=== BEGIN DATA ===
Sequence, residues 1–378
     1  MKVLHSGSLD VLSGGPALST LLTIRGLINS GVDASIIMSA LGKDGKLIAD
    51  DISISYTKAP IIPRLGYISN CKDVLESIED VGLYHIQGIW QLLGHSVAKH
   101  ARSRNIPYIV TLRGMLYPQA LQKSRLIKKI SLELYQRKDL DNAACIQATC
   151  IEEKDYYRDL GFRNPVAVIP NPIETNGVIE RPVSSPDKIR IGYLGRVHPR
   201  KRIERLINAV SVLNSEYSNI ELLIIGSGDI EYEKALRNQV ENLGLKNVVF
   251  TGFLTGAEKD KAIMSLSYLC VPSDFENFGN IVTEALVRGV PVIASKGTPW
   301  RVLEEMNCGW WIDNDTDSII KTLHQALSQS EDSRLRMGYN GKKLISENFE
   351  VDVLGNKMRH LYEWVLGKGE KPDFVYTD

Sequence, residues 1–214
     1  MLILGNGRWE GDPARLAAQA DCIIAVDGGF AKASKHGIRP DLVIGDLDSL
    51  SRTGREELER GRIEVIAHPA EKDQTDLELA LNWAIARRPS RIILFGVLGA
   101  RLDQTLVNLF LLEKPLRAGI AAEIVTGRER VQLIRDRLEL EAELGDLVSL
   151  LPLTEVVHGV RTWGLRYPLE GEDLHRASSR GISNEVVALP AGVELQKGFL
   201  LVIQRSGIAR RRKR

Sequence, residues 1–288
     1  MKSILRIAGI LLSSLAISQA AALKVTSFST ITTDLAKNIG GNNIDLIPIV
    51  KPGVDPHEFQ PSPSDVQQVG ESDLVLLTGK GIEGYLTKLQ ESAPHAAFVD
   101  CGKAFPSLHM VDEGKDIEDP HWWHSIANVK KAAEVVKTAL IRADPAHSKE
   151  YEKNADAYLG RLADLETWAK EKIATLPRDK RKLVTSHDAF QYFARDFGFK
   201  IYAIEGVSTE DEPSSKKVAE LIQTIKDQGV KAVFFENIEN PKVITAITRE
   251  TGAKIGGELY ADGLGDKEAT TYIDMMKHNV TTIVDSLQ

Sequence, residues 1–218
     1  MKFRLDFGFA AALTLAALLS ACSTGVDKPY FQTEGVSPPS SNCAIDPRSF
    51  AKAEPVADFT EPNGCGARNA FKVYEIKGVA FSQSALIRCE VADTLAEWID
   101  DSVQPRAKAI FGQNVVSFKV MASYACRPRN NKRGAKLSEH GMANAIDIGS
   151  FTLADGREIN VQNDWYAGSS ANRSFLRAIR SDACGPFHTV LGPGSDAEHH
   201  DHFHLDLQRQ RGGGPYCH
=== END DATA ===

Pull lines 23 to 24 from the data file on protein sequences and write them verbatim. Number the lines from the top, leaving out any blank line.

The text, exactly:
Sequence, residues 1–218
     1  MKFRLDFGFA AALTLAALLS ACSTGVDKPY FQTEGVSPPS SNCAIDPRSF